Finally got some snow in upstate New York and got yo put some miles on the sled. Any one here like to snowmobile? If so what do you have? (pic related is mine)
>just get back, unloaded, and online from a week innacabin innamountains sledding
>see snowmobile thread
Photo dump coming when I get settled in.
Still on my '12 Pro 800.... probably be my last year on it.
Nice gear... they were one of our sponsors. Rockin Klim again now.
Also nice, did some work with them a few months ago. Good crew over there, but I'll be going through a friend who's got a vinyl sled wrap business when the time comes.
Where/What type of terrain?
>Mountains? Trails? Crossover? Utility?
>Do you do the work yourself? What brand has a good dealer network/parts supply near you?
>Probably not applicable to your situation, but do you have tools/parts for a specific brand already?
>What do your friends ride? Do you have friends that can wrench, that you can learn from so you don't go broke paying a shop to fix your shit?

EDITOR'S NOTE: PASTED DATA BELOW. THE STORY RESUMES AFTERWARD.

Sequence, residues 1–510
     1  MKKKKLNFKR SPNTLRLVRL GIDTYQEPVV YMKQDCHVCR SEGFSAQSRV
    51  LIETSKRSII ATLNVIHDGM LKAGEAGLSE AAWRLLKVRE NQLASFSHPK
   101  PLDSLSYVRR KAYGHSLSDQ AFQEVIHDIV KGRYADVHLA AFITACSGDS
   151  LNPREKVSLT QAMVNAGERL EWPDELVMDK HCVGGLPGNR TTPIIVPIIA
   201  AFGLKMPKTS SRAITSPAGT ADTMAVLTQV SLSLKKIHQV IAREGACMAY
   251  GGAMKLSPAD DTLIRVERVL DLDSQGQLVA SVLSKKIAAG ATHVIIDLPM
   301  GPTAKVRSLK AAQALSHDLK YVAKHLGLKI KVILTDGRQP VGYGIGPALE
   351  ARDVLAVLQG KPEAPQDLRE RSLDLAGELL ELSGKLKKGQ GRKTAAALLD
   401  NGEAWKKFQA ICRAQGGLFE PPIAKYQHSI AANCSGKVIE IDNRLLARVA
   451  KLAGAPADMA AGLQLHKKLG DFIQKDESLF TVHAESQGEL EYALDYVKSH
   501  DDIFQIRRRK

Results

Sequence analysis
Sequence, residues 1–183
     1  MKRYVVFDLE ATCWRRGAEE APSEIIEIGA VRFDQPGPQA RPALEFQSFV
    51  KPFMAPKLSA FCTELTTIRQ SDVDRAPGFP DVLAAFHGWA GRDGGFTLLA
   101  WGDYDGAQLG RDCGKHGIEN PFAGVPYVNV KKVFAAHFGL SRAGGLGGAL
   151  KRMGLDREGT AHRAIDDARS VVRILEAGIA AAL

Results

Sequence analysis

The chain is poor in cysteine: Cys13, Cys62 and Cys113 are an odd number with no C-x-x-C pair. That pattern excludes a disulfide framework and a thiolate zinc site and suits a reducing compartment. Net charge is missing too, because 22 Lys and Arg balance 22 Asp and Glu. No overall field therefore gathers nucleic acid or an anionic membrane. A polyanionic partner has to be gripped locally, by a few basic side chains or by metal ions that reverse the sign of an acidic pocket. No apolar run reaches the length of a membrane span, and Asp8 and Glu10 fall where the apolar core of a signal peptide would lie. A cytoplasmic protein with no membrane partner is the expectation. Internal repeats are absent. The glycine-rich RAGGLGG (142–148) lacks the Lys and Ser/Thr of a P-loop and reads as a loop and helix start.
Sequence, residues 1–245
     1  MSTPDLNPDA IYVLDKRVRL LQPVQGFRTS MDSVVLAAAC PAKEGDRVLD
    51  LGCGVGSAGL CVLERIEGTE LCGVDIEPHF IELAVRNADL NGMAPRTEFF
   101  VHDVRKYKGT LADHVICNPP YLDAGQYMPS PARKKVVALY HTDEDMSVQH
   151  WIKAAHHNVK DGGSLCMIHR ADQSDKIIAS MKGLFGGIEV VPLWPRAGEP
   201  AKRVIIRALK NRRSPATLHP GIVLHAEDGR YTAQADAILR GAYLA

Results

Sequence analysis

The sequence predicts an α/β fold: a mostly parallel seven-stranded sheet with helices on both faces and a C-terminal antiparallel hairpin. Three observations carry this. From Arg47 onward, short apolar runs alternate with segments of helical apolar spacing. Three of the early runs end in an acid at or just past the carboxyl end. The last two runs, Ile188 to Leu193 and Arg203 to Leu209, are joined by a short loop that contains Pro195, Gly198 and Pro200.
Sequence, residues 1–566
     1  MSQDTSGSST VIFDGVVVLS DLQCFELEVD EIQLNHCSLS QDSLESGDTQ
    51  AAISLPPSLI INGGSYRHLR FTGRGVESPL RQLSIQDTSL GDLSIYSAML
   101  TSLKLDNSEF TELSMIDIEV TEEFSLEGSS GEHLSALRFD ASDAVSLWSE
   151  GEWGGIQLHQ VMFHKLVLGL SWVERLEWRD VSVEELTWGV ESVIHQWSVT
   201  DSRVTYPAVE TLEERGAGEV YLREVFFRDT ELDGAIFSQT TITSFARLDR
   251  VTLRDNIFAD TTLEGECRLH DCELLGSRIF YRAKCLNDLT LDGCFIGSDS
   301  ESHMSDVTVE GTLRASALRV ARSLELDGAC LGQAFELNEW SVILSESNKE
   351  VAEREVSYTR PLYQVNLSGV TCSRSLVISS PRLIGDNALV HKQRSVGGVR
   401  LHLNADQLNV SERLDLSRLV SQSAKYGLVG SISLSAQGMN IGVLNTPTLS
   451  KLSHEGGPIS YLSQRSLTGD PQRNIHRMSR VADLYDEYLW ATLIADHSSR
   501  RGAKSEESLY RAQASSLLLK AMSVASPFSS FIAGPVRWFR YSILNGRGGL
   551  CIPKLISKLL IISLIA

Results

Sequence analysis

If you just want to bang around on trails, you don't really need much. Spend some money on good gear, then pick something up cheap on craigslist.
If you're a little more serious about it, spend some money on gear and do a little more research into what you want.... then get it set up for you (Suspension, accessories).
Carry a decent toolkit, spare belt, know the basics of the machine, check your shit regularly (bolts, fluids, wear items). If you're in the mountains, wear/carry avalanche gear and know how to use it (this goes for your friends that ride with you too).
I live in Kansas, and planning to ride in Colorado (I am still looking at places to ride in CO)